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Famous boxing brother: Ruelas'

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The Ruelas brothers have a unique story: born in poverty in Jalisco state, one of the poorest in Mexico, they moved to California as kids and barely made ends meet until stumbling onto the boxing gym led by one of the Goossen brothers, Joe and eventually both became world champions. However, both had a devastating end to their reign, each in his own way, and their careers were never the same. This is the story of the Ruelas brothers: Gabriel and Rafael.


They were born only 9 months apart, Gabriel 23 July 1970 and Rafael 26 April 1971. They were born in Yerbabuena, a small town in Jalisco state in wester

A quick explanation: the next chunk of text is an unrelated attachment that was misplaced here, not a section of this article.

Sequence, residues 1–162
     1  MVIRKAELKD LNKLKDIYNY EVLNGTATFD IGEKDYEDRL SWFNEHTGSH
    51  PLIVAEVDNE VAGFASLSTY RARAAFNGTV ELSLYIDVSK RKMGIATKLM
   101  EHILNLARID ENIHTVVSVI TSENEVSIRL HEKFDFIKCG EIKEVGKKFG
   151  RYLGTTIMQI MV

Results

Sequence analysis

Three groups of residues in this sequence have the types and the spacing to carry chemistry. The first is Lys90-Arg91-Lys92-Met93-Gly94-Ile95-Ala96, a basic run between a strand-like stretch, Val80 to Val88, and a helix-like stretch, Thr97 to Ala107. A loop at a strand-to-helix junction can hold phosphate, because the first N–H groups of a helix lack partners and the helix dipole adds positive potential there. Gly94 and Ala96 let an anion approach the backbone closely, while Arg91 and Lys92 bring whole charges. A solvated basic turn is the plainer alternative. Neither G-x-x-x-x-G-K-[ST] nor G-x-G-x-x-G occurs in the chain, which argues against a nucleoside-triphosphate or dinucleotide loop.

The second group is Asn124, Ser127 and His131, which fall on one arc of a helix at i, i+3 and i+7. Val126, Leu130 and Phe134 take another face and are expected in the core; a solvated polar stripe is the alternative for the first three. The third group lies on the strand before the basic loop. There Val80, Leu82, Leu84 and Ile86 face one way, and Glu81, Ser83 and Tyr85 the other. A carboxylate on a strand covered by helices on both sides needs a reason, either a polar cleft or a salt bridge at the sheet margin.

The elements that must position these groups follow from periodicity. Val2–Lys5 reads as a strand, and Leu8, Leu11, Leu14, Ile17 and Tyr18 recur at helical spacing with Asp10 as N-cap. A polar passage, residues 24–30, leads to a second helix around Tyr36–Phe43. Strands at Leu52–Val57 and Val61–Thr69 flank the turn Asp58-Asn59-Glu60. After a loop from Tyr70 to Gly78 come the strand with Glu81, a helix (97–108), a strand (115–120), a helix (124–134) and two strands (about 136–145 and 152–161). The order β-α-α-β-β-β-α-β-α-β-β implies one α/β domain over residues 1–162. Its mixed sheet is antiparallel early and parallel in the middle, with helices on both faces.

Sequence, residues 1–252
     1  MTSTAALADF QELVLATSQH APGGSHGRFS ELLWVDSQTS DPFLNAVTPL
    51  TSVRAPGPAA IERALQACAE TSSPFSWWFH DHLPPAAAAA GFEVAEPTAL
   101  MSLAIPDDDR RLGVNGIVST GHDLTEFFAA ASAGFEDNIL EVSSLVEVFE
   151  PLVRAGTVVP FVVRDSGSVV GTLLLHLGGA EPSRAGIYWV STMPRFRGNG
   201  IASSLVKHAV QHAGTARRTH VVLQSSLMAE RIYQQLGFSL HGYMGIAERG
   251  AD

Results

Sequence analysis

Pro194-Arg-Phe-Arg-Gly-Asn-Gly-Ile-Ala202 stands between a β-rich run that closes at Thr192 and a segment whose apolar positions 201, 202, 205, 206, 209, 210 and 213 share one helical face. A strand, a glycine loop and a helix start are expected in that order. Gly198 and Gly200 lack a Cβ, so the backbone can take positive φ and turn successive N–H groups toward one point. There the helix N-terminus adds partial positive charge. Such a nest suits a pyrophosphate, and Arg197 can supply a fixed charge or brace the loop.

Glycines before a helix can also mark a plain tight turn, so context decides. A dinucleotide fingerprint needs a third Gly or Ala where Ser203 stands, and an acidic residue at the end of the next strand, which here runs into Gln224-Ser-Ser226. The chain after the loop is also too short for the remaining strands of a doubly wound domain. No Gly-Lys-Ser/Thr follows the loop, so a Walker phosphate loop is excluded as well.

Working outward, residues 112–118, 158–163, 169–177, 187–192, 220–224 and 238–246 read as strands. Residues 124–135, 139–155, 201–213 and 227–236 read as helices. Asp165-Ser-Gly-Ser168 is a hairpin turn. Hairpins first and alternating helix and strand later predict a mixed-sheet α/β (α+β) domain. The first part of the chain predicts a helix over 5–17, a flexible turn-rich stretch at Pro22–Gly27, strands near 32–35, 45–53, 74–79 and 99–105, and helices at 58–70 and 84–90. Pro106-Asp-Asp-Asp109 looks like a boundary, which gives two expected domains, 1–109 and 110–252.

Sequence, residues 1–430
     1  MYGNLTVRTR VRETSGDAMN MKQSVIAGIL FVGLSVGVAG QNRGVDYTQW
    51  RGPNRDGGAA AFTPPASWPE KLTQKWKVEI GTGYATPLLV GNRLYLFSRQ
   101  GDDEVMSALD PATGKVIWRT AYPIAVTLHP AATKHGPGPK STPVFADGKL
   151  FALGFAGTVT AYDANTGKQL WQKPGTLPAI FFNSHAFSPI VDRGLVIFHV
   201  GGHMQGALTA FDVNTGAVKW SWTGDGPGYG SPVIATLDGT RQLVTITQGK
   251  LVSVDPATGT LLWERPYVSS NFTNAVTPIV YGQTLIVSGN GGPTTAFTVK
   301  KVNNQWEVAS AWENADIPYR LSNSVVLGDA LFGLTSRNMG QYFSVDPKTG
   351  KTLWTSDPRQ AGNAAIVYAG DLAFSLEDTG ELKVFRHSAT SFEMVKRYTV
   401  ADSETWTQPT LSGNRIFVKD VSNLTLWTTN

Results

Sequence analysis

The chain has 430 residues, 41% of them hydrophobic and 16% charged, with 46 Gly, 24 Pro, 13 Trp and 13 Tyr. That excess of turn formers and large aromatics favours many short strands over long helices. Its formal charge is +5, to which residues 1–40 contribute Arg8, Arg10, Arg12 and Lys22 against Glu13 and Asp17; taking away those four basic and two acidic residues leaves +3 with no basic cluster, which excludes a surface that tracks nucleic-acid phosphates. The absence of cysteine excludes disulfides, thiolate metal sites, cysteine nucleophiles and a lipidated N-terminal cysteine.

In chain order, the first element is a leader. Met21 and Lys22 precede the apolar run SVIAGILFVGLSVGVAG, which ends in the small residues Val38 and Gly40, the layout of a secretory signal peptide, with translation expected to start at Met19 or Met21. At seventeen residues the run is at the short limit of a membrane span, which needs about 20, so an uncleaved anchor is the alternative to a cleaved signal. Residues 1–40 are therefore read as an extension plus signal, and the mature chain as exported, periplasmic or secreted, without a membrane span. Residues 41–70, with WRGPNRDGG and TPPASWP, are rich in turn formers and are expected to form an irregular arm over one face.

n Mexico. They were so poor as children, they had to walk without shoes. They moved to California when Gabriel was 12 and Rafael 11, selling candy door to door in North Hollywood. One day, Gabriel came to the Ten Goose gym run by charismatic Joe Goossen, brother of Dan. He was instantly hooked upon seeing the gym and begged Joe to train him, but he refused, as he later told an interviewer "he was just a little kid." But Gabriel was persistent and kept coming until Joe finally gave in. Naturally, Rafael also started training there eventually and Joe soon became like a second father to the boys. Rafael was 5'11 and 4 inches taller than Gabriel who was 5'7, so they didn't have to compete in the same weight class, as Gabriel eventually grew into a super featherweight and the skinny Rafael became a lightweight. They were also different as boxers, Gabriel being more of a skilled technician but also aggressive and ready to brawl, while Rafael was a pure puncher with some basic boxing skills. They turned pro at around the same time, Gabriel in late 1988 and Rafael in early 1989. Both also had one loss early on, Gabriel due to an injury and Rafael because he was one second late rising after taking a knee against Mauro Gutierrez in 1991. Gabriel broke through with an impressive albeit losing performance in a WBC title fight against legendary Azumah Nelson on 20 February 1993, which took place in Mexico City. He made the fight very close and was dominant in the middle rounds before the veteran Nelson closed strong to win by a majority decision. He then had his "homecoming" fight against Jesse James Leija, who had dethroned Nelson recently, on 17 September 1994; Gabriel put on a stellar performance, knocking Leija down twice while also being down once himself, and being dominant for most of the fight and in the end winning by UD12. He made one successful defense by corner retirement in 2 against Freddie Liberatore before that fateful second defense.